For the first time in its history, next year the Tour de France will have a summit finish just 24 hours before the race reaches Paris – the Mont Ventoux. Rated by Lance Armstrong as the toughest climb of the country, the Ventoux will be the most decisive single ascent of the entire 2009 Tour.
“Nobody will be able to say they’ve won the race before they cross the finish line of the Ventoux,” commented Tour director Christian Prudhomme during the Tour presentation. “Nothing will be certain beforehand.”
The Ventoux is far from being the only mountain top finish, with an ascent of Arcalis in the Pyrenees at the end of the first week, and Verbier in the Swiss Alps at the end of the second.
Whilst the Ventoux was last tackled by the Tour in 2002, the 2009 race also sees the return of the team time trial after a four year absence.
Together with the technically challenging 15 kilometre opening time trial in Monaco, the team time trial on stage four will ensure that the favourites will have to be in top form from the word go.
But in fact the specialists in the race against the clock will then have just one opportunity to put time into the climbers, in a hilly 40 kilometre time trial round Lake Annecy.
Overall, just like in 2008, the 2009 Tour route favours the climbers.
The mountains kick in far earlier than usual – on stage seven, rather than after the first rest day – and there are three tough days racing both in the Pyrenees and the Alps, including an ascent of the Tourmalet, prior to that final showdown on the Ventoux.
The race also crosses the Vosges mountain range on stage 14 from Vittel to Colmar. On top of that, the final time trial precedes the final mountain top finish, giving the climbers the last word.
There is one big snag for the mountain men. Barring the three summit finishes, the mountains – like the Tourmalet and like the climbs in the Vosges – tend to be a long way from the finishing line, allowing the favourites to reorganise and chase down breakaways. The Ventoux, then, will prove decisive.
As for Mark Cavendish’s assault on the green jersey, the first two weeks will be crucial. The Tour’s long sweep from east to west along the Meditteranean coastline in the first week, starting in Monaco and finishing in Barcelona, will include four flat stages. The second week, from Limoges to Switzerland, has at least another three possibilities for the sprinters.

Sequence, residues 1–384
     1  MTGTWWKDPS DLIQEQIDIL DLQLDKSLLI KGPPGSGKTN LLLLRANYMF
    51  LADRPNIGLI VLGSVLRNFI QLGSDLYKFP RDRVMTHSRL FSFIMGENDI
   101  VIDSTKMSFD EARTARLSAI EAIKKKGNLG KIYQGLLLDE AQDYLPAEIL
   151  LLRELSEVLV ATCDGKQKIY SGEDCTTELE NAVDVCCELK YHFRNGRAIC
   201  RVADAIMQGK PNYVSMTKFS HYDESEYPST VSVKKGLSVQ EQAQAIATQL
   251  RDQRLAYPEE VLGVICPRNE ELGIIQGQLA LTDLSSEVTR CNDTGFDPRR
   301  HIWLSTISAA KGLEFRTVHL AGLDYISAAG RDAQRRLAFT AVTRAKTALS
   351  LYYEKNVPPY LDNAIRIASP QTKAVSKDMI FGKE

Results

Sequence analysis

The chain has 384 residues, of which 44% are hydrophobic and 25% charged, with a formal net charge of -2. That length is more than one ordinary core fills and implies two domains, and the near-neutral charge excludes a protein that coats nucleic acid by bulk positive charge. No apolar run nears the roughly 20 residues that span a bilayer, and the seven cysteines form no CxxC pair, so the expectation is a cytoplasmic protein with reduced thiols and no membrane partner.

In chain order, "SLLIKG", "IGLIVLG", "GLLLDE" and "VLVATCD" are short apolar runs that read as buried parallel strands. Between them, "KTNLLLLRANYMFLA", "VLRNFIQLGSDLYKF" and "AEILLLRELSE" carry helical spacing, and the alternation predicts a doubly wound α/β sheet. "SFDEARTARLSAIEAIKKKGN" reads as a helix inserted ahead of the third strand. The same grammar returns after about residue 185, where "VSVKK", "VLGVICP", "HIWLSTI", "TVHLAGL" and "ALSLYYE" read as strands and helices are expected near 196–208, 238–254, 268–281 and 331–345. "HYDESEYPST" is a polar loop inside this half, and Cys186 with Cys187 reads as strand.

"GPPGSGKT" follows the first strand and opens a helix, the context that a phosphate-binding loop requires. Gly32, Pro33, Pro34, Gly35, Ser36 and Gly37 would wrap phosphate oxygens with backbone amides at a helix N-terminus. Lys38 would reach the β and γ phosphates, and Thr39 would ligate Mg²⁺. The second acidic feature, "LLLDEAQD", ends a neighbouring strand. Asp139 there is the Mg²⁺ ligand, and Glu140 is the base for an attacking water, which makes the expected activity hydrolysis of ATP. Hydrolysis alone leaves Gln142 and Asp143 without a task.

And as for a certain seven-times Tour winner, due to be coming back in 2009? Not present in Paris on Wednesday, Lance Armstrong was not mentioned even once during the keynote speeches, something which he will not fail to notice.
But the Texan always used to say that “the mountains are where the Tour is decided – always.” And looking at the route of the 2009 Tour, there are certainly enough opportunities for the climbers to have a big say on who finishes the race in Paris in yellow.
Breaking with precedent and placing the final mountain stage on the penultimate day of the race, it will more than likely be decisive in the battle for the yellow jersey. With such a epic climb on the agenda, it could make or break any protagonists still in the race.
We look back at the winners (and the first riders to cross the summit) on the iconic slopes of the Ventoux.
Mont Ventoux (1909m)
SF= summit finish
1951: Lucien Lazarides (FRA)
*In 1951 they climbed from the Malaucene side. Every other year has been approached from Bedoin
1952: Jean Robic (FRA)
1955: Louison Bobet (FRA)
1958: Charly Gaul (LUX) – SF, time trial
1965: Raymond Poulidor (FRA) – SF
1967: Julio Jiménez (SPA)
1970: Eddy Merckx (BEL) – SF
1972: Bernard Thévenet (FRA) – SF
1974: Gonzalo Aja (SPA)
1987: Jean-François Bernard (FRA) – SF, time trial
1994: Eros Poli (ITA)
2000: Marco Pantani (ITA) – SF
2002: Richard Virenque (FRA)- SF
2009: ? – SF
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